It’s all go for January after the R&A and USGA published their finalised Rules of Golf. So what’s coming in? Steve Carroll outlines the changes.
Jason Day wins the US PGA
Nobody could deny Jason Day his first Major title, at the 22nd time of asking and just two months after battling with horrific vertigo-type symptoms at Chambers Bay.
Within a few weeks of the US Open he came up just a few inches short of joining the play-off at St Andrews – but this week there were no mistakes, just ruthless efficiency throughout the bag.
His driving was long and aggressive, his course management superb and his putting rock solid, occasionally sensational.
He holed a 50-footer at the 7th to complete a hat-trick of birdies. The Aussie, who also put a stop to an American Slam of Majors, has led or co-led in three straight Majors now and this time it had the perfect ending.
After nine previous top 10s, including three second places, Day was a Major champion.
By the 14th he became just the second player, since Tiger at St Andrews in 2000, to reach -20 but, unlike Woods, he remained at the mark which was a first in the game.
Another huge drive and towering iron at the 72nd hole summed up his efforts, the hardest hole on the course throwing up no problems, and, before he could add the closing tap-in to his 67, the tears were already flowing.
Day becomes the first Australian since Steve Elkington to lift the Wanamaker Trophy in 20 years.
For Jordan Spieth this was another monumental effort and he continued to dazzle as he had done since Thursday at Augusta.
The 22-year-old could never get within two of Day and, despite a back nine of 33, the gap was just too much.
The Masters and US Open champion becomes the new World No 1 (while Day jumps to No 3) after a Major year that might never be repeated.
Spieth’s week contained just four bogeys, his five at the 4th his first one in 37 holes, and he closed with a 68 to finish three shots behind.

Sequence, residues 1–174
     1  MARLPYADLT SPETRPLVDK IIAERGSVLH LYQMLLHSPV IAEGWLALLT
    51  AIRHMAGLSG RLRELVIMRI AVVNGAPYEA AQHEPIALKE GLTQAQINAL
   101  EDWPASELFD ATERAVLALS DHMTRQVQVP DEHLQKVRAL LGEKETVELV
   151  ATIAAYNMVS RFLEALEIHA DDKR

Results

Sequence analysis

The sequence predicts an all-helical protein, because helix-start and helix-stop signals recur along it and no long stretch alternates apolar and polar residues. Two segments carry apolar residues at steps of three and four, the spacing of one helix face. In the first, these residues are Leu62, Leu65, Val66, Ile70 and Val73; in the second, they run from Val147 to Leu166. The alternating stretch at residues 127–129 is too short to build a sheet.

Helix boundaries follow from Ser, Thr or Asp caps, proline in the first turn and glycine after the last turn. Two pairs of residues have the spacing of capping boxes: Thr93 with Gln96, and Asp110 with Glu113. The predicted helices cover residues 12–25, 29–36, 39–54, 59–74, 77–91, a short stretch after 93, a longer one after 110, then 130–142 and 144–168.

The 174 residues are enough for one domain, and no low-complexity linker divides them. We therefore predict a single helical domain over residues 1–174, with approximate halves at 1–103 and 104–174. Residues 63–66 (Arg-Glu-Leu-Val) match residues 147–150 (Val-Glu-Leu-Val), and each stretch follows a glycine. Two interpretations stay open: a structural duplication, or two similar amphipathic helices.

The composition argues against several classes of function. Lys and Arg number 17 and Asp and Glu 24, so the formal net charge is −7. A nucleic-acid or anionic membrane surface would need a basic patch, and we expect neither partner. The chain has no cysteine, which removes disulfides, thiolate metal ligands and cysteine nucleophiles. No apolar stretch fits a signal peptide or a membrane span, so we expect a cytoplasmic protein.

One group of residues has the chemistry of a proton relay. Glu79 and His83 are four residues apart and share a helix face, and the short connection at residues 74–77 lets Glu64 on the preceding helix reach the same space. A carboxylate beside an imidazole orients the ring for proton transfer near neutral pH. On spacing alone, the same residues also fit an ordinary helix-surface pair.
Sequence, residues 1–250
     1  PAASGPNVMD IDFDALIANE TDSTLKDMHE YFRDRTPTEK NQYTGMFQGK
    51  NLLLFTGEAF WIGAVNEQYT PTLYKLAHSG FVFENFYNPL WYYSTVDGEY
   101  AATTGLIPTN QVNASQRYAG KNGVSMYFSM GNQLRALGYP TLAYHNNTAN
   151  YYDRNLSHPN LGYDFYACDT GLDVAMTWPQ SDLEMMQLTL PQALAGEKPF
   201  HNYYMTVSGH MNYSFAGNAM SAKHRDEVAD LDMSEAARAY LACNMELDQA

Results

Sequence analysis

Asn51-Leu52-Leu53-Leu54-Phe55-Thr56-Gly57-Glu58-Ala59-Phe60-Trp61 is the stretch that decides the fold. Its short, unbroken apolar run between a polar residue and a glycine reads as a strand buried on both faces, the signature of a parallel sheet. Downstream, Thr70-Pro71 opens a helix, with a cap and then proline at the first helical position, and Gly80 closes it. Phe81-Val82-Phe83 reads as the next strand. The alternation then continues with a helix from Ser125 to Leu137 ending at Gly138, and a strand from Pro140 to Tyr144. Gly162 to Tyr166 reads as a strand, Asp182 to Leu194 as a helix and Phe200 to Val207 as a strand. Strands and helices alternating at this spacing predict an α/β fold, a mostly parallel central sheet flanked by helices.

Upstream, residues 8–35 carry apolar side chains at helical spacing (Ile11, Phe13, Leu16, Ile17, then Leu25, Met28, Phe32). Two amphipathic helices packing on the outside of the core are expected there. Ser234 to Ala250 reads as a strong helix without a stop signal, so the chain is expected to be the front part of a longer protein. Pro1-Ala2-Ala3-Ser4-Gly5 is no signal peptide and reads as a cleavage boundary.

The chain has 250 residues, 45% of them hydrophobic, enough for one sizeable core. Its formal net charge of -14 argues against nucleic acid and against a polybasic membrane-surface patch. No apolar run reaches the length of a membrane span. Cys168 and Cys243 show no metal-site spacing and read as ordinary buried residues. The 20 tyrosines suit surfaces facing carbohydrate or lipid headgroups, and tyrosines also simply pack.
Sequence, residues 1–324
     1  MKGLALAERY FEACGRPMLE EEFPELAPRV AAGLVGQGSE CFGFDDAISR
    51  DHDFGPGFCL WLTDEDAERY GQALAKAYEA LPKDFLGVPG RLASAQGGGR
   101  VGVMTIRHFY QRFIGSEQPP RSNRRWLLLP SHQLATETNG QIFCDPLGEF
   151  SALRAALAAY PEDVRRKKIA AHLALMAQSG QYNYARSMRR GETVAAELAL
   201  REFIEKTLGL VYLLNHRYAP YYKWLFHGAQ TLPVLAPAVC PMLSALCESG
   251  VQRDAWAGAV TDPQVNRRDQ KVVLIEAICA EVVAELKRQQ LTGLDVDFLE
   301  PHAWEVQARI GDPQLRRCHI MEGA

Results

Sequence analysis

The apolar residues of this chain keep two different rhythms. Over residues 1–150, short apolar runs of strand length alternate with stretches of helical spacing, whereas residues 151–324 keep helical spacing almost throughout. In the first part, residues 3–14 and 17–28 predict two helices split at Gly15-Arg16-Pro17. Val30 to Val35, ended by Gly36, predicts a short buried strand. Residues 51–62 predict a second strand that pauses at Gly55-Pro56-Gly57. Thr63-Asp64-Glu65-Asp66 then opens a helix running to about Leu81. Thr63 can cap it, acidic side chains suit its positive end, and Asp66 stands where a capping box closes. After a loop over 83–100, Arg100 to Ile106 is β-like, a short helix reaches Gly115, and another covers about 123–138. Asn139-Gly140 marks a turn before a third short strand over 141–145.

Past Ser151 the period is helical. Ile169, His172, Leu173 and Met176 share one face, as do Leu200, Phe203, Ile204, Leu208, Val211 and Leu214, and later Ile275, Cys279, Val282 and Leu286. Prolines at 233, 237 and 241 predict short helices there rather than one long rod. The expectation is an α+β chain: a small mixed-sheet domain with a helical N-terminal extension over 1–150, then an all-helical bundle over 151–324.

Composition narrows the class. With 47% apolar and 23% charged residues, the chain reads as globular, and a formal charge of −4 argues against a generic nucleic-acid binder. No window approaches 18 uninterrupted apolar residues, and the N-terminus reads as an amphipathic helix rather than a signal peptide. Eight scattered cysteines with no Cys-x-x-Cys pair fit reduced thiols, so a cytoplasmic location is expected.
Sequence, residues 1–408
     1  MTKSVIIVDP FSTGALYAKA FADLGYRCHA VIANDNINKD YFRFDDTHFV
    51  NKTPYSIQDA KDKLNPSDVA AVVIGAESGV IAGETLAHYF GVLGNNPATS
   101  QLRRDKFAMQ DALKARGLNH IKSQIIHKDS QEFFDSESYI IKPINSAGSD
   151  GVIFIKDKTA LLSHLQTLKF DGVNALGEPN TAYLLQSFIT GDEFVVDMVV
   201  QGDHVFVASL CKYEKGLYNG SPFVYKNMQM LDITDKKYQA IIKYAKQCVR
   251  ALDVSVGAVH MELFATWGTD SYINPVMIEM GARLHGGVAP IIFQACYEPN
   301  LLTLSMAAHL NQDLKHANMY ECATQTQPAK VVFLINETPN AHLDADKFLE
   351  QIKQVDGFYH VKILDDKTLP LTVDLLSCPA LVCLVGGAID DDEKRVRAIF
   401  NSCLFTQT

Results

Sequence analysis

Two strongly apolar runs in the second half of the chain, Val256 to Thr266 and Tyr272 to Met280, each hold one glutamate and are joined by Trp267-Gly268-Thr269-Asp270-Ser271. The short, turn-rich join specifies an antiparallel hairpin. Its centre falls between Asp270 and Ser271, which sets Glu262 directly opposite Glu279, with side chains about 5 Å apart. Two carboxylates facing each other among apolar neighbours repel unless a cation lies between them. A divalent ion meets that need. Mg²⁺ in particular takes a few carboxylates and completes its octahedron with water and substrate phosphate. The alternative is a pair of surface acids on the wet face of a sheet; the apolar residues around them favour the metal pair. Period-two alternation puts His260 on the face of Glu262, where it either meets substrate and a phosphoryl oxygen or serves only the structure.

Branden Grace, fourth at Chambers Bay, picked up where he left off from Saturday’s 64 with four birdies on the front nine. The putts continued to drop from distance but, again, it was one shot that proved extra costly.
At the US Open he drove out of bounds at the 16th, here he went through the back of the 10th green, a hole which was one of the five easiest all week, and a double-bogey six suddenly made a mess of his scorecard.
His playing partner Justin Rose was also left to rue a double, this time at the 13th, after finding a horrible spot in one of the 1000+ bunkers.
The Englishman was beginning to make a genuine move after birdies at 10 and 11 and the putter was behaving better than earlier in the week but, as was the case at Augusta, his excellent play went unrewarded with the grand prize.
And, finally, to Dustin Johnson, the player robbed of a chance to join the play-off here with Bubba Watson and Martin Kaymer in 2010.
Twelve months ago he didn’t play in this Championship after taking a period of ‘voluntary leave’, this week he had a little bit of everything.
Yes he didn’t make the most of another very fast start but, like Day, if you keep getting in position it will happen at some point.
His Sunday was particularly random, opening up with a quadruple-bogey eight and he then walked off the 16th green four under for the day. The 31-year-old signed for a 69 which only included six pars.